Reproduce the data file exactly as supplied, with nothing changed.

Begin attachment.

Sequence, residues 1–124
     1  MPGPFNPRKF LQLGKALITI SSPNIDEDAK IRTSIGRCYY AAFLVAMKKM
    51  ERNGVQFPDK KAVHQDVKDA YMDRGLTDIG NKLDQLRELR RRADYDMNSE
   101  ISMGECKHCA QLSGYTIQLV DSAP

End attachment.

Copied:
Sequence, residues 1–124
     1  MPGPFNPRKF LQLGKALITI SSPNIDEDAK IRTSIGRCYY AAFLVAMKKM
    51  ERNGVQFPDK KAVHQDVKDA YMDRGLTDIG NKLDQLRELR RRADYDMNSE
   101  ISMGECKHCA QLSGYTIQLV DSAP